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Finis Terrae

Once in Santiago, we hurried to the Cathedral, to finally meet the Apostle; to talk to him and confide our heart in him, our hopes, prayers, and fears.

We had a lot to ask, but a lot as well for which to say, thank you.

Mass was about to start, so we stayed. As soon as it finished, we walked to the Pilgrims Office to get our Compostelana filled out with our names signed and stamped. It certifies that we walked to the tomb of Saint James pietatis causa, that is, because of religious devotion. I am very happy I got my Compostelana. I will proudly present it when I hopefully reach the gates of heaven. You know, just in case.

We then spent the few days left wandering and enjoying the old city and all of its monuments. Since we had time, we decided to visit Cabo Finisterre, which is a small rocky peninsula west of Santiago, on the Atlantic Ocean. The names comes from Latin, finis terrae, which means, “the end of the world” in ancient and medieval times it was indeed thought to be the end of the known world. Pilgrims to Santiago used to keep walking until they reached that spot on the Atlantic shore and collect a scallop shell to bring home as a proof that they had walked El Camino. This scallop shell is now one of the symbols of El Camino, which leads the way to Santiago to all pilgrims walking there. We brought a few home to give our friends and families.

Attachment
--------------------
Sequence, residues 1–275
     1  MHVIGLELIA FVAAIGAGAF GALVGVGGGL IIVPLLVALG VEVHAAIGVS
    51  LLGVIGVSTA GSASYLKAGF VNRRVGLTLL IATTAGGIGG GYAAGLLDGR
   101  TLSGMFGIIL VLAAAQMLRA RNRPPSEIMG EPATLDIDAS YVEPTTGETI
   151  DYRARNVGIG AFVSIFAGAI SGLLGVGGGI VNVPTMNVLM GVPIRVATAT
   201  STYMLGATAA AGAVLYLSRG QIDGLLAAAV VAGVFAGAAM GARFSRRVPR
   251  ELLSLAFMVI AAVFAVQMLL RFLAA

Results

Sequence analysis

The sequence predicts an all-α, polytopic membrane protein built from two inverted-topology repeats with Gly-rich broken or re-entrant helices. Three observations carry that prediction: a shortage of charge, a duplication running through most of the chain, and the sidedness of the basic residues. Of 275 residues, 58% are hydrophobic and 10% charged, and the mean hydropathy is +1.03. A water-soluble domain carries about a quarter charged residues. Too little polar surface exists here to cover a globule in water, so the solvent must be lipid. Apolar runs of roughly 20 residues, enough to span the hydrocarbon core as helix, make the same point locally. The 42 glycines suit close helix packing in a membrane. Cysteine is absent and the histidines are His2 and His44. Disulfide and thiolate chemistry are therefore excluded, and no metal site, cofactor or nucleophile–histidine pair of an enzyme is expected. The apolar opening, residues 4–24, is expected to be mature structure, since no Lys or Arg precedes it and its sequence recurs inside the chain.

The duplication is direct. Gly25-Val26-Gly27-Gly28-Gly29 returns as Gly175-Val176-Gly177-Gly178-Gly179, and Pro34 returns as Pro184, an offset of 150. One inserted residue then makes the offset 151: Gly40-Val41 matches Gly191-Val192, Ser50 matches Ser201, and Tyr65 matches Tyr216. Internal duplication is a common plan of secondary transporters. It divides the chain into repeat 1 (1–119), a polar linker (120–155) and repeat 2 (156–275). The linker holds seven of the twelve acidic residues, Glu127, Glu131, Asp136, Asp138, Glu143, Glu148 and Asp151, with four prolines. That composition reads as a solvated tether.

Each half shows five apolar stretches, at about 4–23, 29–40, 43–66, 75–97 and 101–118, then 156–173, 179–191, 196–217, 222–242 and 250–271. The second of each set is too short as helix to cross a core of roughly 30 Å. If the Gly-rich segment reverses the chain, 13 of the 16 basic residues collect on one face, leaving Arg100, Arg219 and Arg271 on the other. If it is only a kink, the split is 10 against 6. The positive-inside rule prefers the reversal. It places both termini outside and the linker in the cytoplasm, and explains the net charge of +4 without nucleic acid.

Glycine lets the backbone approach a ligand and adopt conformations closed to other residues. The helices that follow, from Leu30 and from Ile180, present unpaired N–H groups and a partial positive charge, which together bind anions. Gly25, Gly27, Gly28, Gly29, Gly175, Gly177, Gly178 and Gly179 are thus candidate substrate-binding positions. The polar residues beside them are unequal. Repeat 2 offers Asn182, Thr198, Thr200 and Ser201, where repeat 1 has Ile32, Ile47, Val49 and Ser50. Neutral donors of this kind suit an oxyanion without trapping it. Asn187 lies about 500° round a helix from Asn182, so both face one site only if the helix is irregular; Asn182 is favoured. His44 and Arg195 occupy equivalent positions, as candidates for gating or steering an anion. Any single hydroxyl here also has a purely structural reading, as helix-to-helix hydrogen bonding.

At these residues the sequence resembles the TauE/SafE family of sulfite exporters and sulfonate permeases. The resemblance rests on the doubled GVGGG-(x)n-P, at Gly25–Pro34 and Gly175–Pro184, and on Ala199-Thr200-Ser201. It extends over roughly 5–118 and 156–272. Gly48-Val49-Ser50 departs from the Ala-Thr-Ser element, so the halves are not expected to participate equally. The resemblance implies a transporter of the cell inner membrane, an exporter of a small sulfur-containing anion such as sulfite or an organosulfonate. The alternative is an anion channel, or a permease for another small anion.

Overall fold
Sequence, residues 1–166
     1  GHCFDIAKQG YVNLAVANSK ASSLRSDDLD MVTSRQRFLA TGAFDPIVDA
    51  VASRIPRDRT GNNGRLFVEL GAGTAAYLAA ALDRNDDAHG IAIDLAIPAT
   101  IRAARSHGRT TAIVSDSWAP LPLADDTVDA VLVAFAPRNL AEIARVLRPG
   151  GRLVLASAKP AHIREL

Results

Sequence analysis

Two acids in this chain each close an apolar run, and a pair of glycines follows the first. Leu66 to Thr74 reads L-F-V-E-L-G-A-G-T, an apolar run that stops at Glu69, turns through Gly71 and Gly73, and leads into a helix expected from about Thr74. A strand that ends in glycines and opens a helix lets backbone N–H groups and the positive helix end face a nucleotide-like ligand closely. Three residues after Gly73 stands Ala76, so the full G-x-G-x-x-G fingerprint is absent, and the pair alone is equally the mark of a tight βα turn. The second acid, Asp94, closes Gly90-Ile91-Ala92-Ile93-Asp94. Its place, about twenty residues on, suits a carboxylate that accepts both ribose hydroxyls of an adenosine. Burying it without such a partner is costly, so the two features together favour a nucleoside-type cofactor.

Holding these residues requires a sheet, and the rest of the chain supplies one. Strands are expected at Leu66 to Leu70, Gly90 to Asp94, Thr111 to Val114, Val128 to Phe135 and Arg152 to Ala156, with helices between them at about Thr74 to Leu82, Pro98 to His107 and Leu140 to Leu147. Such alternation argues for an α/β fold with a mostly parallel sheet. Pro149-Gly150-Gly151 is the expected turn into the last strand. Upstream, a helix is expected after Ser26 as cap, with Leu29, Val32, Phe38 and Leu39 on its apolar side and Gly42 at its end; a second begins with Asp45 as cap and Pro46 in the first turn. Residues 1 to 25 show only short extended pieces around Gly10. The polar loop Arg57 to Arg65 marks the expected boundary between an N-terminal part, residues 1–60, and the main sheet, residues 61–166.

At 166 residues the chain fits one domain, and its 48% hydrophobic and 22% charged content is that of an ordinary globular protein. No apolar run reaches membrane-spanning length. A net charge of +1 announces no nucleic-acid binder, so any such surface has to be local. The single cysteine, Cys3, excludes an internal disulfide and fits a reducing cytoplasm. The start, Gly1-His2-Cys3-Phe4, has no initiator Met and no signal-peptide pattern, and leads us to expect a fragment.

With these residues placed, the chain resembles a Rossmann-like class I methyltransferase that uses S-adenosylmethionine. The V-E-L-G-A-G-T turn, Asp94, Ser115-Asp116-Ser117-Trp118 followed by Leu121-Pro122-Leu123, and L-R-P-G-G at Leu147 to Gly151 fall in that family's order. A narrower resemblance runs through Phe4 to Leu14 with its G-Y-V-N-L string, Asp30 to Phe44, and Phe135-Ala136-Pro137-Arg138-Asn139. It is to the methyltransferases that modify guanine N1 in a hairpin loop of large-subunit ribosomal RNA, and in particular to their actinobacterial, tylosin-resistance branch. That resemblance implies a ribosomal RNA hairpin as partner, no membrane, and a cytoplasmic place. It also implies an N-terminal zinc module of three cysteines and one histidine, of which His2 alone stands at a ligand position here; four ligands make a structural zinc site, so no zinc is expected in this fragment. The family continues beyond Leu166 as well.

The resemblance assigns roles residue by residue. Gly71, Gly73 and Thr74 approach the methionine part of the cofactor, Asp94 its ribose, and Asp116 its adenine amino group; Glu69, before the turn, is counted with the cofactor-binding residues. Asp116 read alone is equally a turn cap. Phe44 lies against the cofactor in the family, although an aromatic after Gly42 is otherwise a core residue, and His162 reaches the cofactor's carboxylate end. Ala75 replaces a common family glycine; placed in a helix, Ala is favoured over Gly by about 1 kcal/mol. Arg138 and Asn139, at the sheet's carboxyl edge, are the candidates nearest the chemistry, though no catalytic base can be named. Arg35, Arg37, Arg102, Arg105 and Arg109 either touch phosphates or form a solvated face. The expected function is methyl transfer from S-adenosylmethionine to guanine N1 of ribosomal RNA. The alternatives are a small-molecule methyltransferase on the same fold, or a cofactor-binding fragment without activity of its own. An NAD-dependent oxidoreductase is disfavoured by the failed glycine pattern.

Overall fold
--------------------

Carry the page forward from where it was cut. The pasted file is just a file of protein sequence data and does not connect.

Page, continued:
The day was extremely hot, and the few miles we walked under the sun. Being sweaty and thirsty made me realized how lucky we had been to have had rain the days before. I guess the Lord knew I could possibly not have made it under the sun with all the water you need to carry around… But we made it to the coast where a big cross stands for all pilgrims to see. Many people, once they arrive, burn the clothing they wore while walking El Camino. I heard this is an old tradition as well, when people used to burn clothes for sanitary reasons after walking months on the road.

We got there and just sat on the rocks looking out on the ocean. We stood there for a while contemplating the beauty of what was before our eyes. Sitting there, in silence, among other pilgrims, I felt I took part of the great centennial history of the way to Santiago. I felt I belonged to that great companionship of millions of men and women – the Church – whom throughout the centuries have walked that same Way for my same reason: faith. I felt I am part of the history of salvation.


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